My last issue of WI#88 on bandwidth brought the following commentary from Scott Welch. Scott (email@example.com) is one of the founders of SoftArc, makers of First Class email and collaboration software. Take it away, Scott.
We all are real beneficiaries of Moore's Law, whereby our computers keep getting faster and faster, with more and more memory, for about the same price.
There is one notable exception: bandwidth.
Bandwidth does NOT double every 18 months. Networks CANNOT be upgraded like memory. Wholesale changes of underlying technology CANNOT be made to networks, the way they can to individual machines.
My issue is that site designers and operators think otherwise, and build their sites as if bandwidth will continue to get better. It won't. Things will get worse. You hear the line "... and next year, when the bandwidth is doubled...." I've got some news for you: Next year is here, and bandwidth still looks pretty finite to me.
This problem is unlikely to go away anytime soon, because it's a fairly classic bit of economics: None of us are really paying for the bandwidth we are consuming now, so there is absolutely no incentive for us not to consume all we want. So we've got PointCast and RealAudio and CNN all running... that's what we pay our $19.95 a month for. Taken as an individual problem, this means that you may or may not decide that it is worthwhile listening to your $3000 computer sound like a $5.99 transistor radio.
But the bandwidth problem isn't one of adding more. It is purely human behavior. The very action of you and a million like you doing what you want will have the effect of making the entire organism of the Internet unusable by everyone.
One of the reasons that the Internet is so slow is that almost everyone assumes that the slowdown is temporary. This makes them reluctant to write smaller pages, or set bandwidth limits, or charge based on amount of the resource that is consumed. Instead, they hope that through some miracle, the finite resource will somehow be doubled, or tripled, or made infinite. I see no evidence that such a miracle is scheduled for the near future.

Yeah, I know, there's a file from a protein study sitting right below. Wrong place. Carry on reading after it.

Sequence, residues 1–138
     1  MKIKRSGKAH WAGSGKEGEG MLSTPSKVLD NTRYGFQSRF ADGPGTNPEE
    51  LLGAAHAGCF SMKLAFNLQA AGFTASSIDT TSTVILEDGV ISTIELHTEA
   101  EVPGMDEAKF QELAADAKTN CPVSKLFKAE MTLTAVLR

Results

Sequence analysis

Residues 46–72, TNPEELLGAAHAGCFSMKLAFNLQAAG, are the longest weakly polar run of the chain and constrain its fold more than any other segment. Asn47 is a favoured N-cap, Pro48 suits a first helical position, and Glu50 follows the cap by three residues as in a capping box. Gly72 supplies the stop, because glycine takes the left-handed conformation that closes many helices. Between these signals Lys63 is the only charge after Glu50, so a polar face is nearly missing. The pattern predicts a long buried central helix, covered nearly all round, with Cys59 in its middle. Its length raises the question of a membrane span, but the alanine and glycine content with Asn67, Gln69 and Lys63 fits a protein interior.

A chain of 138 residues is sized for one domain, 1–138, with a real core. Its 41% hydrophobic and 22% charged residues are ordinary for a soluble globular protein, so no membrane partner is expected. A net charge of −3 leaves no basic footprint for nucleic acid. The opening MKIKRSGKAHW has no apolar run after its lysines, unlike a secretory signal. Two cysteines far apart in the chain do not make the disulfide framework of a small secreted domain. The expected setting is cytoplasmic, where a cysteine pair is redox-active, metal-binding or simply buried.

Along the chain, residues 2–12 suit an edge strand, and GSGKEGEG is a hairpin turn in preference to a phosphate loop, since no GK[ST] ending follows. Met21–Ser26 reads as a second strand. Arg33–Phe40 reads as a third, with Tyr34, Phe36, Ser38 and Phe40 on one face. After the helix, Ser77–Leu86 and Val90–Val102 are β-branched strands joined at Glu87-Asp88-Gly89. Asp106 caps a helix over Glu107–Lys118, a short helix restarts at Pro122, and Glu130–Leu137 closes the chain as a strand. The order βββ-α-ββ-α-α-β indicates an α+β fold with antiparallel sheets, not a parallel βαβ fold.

Indeed, the true cost of Net access will soon become apparent, as ISPs realize that they are not charities and raise their prices. At this point, people will have to decide whether the value they receive from the net is greater than the true cost of access, and many will close their accounts.
Others have proposed charging by the email or packet, but that isn't really the answer either. What is needed perhaps is to have different pricing models for differing degrees of latency. In other words, I have to pay more to get my downloads quicker.
This problem has been studied to death in other industries: think of peak load pricing for electric power grids, differential rates for phone systems, and the various classes of postal delivery. For some reason, when it comes to the Internet, we refuse to believe that its resources are finite. In the words of Pogo, "I have seen the enemy, and he is us".
In the meantime, think about this when you do your next download.
Thanks, Scott. Indeed, you are not the only one thinking about this. You can read an interview with Bernardo Huberman, a research fellow at Xerox Palo Alto Research Center, in PC Week.
But not everyone agrees. Writes John Quaterman, an Internet Old Hand:
"There is an Internet quality of service research community. Every one in it whom I have talked to thinks Huberman has got it wrong. The basic problem is exactly the same as above: Huberman assumes the Internet is a strictly limited resource. He then assumes the Garett Hardin's tragedy of the commons scenario applies to the Internet. For neither assumption does he give any proof. Here is why both assumptions are incorrect."
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